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multilevel hierarchy query

P: n/a
I don't know how to begin on a query (SELECT statement) to find all the
tasks assigned to an arbitrary manager (say, staffID='JSmith') and her
organization, that is, assigned to all her underlings, and their underlings,
and .... For that matter, I don't even know how to find everyone in her
organization (at all levels).

- All individuals have only one manager
- Tasks are assigned to individuals
- A manager at any level may have direct reports and sub-managers

The table structure:

tblStaff
-------------
staffID
reportsToID (staffID of direct manager)
tblTasks
--------------
taskID
assignedToID (staffID of individual responsible for task)
Any help would be greatly appreciated.

Bruce

Nov 13 '05 #1
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7 Replies


P: n/a

Bruce Hensley wrote:
I don't know how to begin on a query (SELECT statement) to find all the tasks assigned to an arbitrary manager (say, staffID='JSmith') and her organization, that is, assigned to all her underlings, and their underlings, and .... For that matter, I don't even know how to find everyone in her organization (at all levels).

- All individuals have only one manager
- Tasks are assigned to individuals
- A manager at any level may have direct reports and sub-managers

The table structure:

tblStaff
-------------
staffID
reportsToID (staffID of direct manager)
tblTasks
--------------
taskID
assignedToID (staffID of individual responsible for task)
Any help would be greatly appreciated.

Bruce


You can find information about hierarchical queries at
http://download-west.oracle.com/docs...4a.htm#2053937

URL may wrap.

Regards
/Rauf

Nov 13 '05 #2

P: n/a
On 15 Feb 2005 10:17:15 -0800, "Rauf Sarwar" <rs******@hotmail.com>
wrote:

Bruce Hensley wrote:
I don't know how to begin on a query (SELECT statement) to find all

the
tasks assigned to an arbitrary manager (say, staffID='JSmith') and

her
organization, that is, assigned to all her underlings, and their

underlings,
and .... For that matter, I don't even know how to find everyone in

her
organization (at all levels).

- All individuals have only one manager
- Tasks are assigned to individuals
- A manager at any level may have direct reports and sub-managers

The table structure:

tblStaff
-------------
staffID
reportsToID (staffID of direct manager)
tblTasks
--------------
taskID
assignedToID (staffID of individual responsible for task)
Any help would be greatly appreciated.

Bruce

I haven't used them yet but you may find the Shaped Query for ADO
helpful.

Just do a search in Google.

Good luck.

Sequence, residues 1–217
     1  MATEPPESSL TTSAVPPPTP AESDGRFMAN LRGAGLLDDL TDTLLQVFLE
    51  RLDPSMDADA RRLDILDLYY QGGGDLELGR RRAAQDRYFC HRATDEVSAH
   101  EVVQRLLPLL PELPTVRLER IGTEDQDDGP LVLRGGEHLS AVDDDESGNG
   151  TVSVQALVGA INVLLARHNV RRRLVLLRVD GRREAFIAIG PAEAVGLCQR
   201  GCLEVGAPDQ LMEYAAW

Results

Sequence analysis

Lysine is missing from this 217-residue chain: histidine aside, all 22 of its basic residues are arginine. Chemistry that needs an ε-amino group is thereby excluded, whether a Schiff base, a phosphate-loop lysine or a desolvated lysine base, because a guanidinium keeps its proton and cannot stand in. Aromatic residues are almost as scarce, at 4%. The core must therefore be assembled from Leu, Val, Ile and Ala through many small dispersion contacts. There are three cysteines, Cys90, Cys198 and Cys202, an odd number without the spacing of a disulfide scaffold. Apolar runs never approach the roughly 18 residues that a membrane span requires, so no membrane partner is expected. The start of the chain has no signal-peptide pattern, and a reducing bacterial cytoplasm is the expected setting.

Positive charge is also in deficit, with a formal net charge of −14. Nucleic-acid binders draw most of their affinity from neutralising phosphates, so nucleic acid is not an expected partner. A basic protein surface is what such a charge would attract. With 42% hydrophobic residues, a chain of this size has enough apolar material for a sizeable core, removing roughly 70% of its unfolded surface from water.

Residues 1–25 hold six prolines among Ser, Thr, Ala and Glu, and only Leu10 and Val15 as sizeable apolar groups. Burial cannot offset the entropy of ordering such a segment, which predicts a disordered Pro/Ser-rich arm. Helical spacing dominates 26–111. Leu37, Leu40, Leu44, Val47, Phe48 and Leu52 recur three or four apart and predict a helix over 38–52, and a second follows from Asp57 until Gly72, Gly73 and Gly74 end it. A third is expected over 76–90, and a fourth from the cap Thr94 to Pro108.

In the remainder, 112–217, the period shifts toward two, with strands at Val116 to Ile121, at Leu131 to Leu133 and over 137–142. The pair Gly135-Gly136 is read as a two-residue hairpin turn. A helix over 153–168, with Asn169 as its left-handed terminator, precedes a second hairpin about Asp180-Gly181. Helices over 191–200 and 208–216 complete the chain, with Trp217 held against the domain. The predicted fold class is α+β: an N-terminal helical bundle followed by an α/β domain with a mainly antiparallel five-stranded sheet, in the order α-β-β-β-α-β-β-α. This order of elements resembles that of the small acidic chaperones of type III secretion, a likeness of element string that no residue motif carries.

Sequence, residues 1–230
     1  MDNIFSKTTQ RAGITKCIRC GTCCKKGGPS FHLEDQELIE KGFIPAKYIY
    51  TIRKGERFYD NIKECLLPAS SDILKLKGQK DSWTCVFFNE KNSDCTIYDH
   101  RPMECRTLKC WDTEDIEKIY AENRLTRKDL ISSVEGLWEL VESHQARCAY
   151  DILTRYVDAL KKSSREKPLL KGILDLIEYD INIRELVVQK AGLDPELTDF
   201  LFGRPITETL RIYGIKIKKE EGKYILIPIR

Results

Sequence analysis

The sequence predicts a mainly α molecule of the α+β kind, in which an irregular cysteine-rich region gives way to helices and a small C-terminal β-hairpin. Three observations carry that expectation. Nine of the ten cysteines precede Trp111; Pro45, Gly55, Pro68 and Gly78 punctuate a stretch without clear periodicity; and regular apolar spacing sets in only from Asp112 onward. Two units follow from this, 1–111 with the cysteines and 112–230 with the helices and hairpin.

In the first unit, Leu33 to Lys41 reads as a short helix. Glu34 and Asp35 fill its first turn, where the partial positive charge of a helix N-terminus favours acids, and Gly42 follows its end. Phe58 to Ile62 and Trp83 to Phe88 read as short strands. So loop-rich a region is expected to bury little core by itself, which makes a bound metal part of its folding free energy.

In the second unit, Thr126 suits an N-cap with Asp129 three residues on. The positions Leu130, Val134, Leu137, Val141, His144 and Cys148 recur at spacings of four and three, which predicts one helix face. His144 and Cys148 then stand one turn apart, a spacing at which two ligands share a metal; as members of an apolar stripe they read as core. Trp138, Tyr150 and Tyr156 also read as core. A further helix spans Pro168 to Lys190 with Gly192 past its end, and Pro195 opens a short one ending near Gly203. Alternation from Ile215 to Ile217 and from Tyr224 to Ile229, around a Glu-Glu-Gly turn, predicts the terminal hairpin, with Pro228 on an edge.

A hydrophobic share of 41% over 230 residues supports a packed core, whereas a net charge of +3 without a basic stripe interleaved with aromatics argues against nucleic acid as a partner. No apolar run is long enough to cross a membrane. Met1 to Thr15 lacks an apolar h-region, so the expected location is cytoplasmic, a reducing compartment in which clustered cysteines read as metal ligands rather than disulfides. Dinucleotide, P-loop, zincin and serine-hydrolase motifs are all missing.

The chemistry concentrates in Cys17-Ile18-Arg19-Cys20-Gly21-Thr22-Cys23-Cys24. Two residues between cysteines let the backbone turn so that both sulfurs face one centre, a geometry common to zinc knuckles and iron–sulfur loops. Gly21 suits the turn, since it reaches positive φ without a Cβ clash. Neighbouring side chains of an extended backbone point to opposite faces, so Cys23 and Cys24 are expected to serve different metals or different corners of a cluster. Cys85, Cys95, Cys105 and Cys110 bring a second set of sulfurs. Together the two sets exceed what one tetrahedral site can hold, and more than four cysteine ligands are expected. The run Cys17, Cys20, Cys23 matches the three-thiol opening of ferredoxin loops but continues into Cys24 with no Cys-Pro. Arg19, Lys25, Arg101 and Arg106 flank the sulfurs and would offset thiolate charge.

Greg Teets
Cincinnati Ohio USA
Nov 13 '05 #3

P: n/a
Rauf,

Thanks! Excellent!!

This is perfect for my Oracle data.

Now I need to do the same in Access 97 tables. I can't find anything
similar
to CONNECT BY for Access 97.

Bruce

Rauf Sarwar wrote:
Bruce Hensley wrote:
I don't know how to begin on a query (SELECT statement) to find all the
tasks assigned to an arbitrary manager (say, staffID='JSmith') and

her
organization, that is, assigned to all her underlings, and their

underlings,
and .... For that matter, I don't even know how to find everyone

in her
organization (at all levels).

- All individuals have only one manager
- Tasks are assigned to individuals
- A manager at any level may have direct reports and sub-managers

The table structure:

tblStaff
-------------
staffID
reportsToID (staffID of direct manager)
tblTasks
--------------
taskID
assignedToID (staffID of individual responsible for task)
Any help would be greatly appreciated.

Bruce
You can find information about hierarchical queries at

http://download-west.oracle.com/docs...4a.htm#2053937
URL may wrap.

Regards
/Rauf


Nov 13 '05 #4

P: n/a
Greg,

Thanks for the tip. However, I can't seem to find anything in the
Access 97 documentation on the SHAPE command. I think it may have been
introduced with Access 2000.

Bruce

Nov 13 '05 #5

P: n/a
Hi
If you are into hierarchies, take a look at "Trees in SQL" by Joe
Celko

http://www.intelligententerprise.com...equestid=29530

David

Nov 13 '05 #6

P: n/a
David,

Thanks. That was an interesting read.

Unfortunately, I've inherited the tables and can't change them, just
read them.

However, I can estimate the maximum number of levels in the tree. With
this in mind, I tried a brute force approach. This seems to get all
the staff below a manager (as long as they're no more than 6 levels
deep). Not elegant, but it seems to be effective.

SELECT tblStaff.StaffID, [tblStaff]![StaffID] & " " &
[tblStaff]![ReportsToID] & " " & [B2]![ReportsToID] & " " &
[B3]![ReportsToID] & " " & [B4]![ReportsToID] & " " &
[B5]![ReportsToID] AS ChainOCmd
FROM ((((tblStaff LEFT JOIN tblStaff AS B1 ON tblStaff.ReportsToID =
B1.StaffID) LEFT JOIN tblStaff AS B2 ON B1.ReportsToID = B2.StaffID)
LEFT JOIN tblStaff AS B3 ON B2.ReportsToID = B3.StaffID) LEFT JOIN
tblStaff AS B4 ON B3.ReportsToID = B4.StaffID) LEFT JOIN tblStaff AS B5
ON B4.ReportsToID = B5.StaffID
WHERE ((([tblStaff]![StaffID] & " " & [tblStaff]![ReportsToID] & " " &
[B2]![ReportsToID] & " " & [B3]![ReportsToID] & " " &
[B4]![ReportsToID] & " " & [B5]![ReportsToID]) Like "*" & [Boss: ] &
"*"));
Thanks,
Bruce

Nov 13 '05 #7

P: n/a
If you _know_ the number of levels of the hierarchy in advance, then
this is probably the way to go. Otherwise you're probably going to
need to resort to a recursive VBA code solution of some kind. It would
be an intriguing exercise to combine the two, i.e., write code to
determine the actual depth of the hierarchy based on your actual data
and then actually generate the SQL from code...

Bruce

Nov 13 '05 #8

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